HP announced on September 11, 2014 that they had entered into an agreement to acquire Eucalyptus. Eucalyptus is a vendor of private IaaS services. Eucalyptus is a startup with fewer than 100 employees and around $55 million in venture funding. Eucalyptus doesn’t have an application development and deployment (AD&D) play but could certainly provide the foundation for a private PaaS. HP, despite their unusual acquisition of Mercury Interactive back in 2006, is otherwise not in the AD&D business. However, Eucalyptus does put HP a partnership or acquisition away from PaaS, so let’s look at the potential motivation of the deal.
The Eucalyptus acquisition is about helping HP customers gain better leverage from their investments. Eucalyptus is a way to show material value to HP’s installed back of server, storage, and networking customers and show that HP can be forward-looking. This is also a low risk acquisition for HP for two reasons. First the acquisition didn’t cost HP that much (less than $100 million, it is rumored) and second, the Eucalyptus technology will help build out HP’s Helion brand, which will enhance its private IaaS appeal.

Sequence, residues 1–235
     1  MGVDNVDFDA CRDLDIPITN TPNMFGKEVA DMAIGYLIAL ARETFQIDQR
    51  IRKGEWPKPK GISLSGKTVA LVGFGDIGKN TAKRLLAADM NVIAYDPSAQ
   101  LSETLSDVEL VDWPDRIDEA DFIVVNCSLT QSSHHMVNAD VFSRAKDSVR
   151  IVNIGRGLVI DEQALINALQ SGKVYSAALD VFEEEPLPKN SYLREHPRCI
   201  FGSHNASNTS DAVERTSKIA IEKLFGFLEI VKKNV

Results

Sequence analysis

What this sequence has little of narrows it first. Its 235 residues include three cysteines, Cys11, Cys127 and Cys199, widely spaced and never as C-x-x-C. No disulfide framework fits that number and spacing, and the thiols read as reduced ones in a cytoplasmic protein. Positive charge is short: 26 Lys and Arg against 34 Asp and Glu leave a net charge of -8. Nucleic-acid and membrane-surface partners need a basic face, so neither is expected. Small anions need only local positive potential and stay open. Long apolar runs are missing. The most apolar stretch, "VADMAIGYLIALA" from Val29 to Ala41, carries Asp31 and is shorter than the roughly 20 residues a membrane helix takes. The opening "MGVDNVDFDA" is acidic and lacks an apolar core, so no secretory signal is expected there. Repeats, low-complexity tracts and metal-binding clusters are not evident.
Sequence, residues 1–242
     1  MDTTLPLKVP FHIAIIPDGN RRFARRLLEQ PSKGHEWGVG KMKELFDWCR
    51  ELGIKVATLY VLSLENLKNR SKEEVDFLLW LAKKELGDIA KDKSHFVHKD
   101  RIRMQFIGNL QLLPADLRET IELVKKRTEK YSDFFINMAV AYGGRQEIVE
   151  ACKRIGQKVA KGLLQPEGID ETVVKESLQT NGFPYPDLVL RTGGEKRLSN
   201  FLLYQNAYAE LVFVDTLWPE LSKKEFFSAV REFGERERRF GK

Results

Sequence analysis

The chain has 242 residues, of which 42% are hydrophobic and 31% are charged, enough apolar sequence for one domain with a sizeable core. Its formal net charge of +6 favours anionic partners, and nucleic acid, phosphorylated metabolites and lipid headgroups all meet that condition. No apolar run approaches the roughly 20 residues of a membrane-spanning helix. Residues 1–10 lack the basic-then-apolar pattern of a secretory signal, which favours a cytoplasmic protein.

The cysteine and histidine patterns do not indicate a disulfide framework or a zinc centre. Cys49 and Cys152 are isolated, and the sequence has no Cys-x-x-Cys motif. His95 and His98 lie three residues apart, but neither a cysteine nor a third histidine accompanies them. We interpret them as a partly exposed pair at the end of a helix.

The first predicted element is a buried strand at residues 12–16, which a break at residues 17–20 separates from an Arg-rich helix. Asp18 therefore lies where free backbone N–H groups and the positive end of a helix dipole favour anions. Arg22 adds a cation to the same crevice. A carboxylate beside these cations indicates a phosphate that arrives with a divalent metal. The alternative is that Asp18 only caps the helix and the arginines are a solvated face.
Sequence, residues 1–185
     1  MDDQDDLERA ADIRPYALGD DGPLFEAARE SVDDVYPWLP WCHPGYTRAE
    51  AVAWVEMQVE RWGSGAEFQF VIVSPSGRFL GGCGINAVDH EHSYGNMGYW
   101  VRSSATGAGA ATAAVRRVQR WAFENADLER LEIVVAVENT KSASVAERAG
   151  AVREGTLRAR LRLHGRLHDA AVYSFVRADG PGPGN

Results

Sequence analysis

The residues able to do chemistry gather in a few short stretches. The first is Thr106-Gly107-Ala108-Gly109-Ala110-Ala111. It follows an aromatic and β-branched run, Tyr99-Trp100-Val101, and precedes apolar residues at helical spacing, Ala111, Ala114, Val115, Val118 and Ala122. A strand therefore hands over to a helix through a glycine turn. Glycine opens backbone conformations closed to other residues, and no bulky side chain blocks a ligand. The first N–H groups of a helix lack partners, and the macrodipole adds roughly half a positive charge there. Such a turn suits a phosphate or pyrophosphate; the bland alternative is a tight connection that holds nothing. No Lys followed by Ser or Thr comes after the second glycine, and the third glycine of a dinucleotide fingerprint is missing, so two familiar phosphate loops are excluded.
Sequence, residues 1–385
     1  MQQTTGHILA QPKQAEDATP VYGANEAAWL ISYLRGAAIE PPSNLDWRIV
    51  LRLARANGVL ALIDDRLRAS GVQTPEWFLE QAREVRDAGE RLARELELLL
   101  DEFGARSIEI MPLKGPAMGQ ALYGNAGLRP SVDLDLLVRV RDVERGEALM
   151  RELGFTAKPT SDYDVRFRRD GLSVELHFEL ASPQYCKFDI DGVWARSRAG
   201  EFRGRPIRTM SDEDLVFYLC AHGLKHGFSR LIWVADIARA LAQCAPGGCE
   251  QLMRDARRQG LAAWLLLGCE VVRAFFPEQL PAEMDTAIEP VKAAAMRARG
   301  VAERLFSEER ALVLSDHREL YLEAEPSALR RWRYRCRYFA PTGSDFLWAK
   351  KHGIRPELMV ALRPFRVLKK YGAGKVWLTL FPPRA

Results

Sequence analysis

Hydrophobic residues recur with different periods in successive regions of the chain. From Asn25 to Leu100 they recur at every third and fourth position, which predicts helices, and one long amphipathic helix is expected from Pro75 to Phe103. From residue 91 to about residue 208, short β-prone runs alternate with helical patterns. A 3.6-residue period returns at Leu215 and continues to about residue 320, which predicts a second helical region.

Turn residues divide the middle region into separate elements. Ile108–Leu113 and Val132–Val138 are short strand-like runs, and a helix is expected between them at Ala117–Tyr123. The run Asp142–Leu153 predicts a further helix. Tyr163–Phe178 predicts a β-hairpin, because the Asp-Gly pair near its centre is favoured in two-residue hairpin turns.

Eucalyptus alignment with Amazon’s APIs gives it an interesting hybrid dimensionality. This will doubtlessly be appealing to customers because it represents additional leverage for their investment. There is not much risk to HP of Amazon getting into the private IaaS business. There’s little to gain for Amazon in going down the private cloud path and much for Amazon to gain as Eucalyptus customers see what is now easily within reach in Amazon’s public cloud. The bigger concern to HP comes if Eucalyptus and Helion gain significant traction. Eucalyptus’ design point brings Amazon into the picture and this will accelerate the movement of workloads to the public cloud which means a reduction in the demand for hardware and networking – including HP servers, storage, and networking.
The net is that Eucalyptus will help HP stabilize its cloud strategy, which has been drifting. HP is probably hoping for the same sort of jump-start that IBM got by using cloud foundry to put its PaaS strategy in order. While we see the acquisition of Eucalyptus as beneficial, HP will need to take additional steps to continue their cloud momentum. This means that HP should continue to build out their portfolio of Eucalyptus services and look for PaaS and SaaS solutions through partnering to create stickiness for the Eucalyptus IaaS.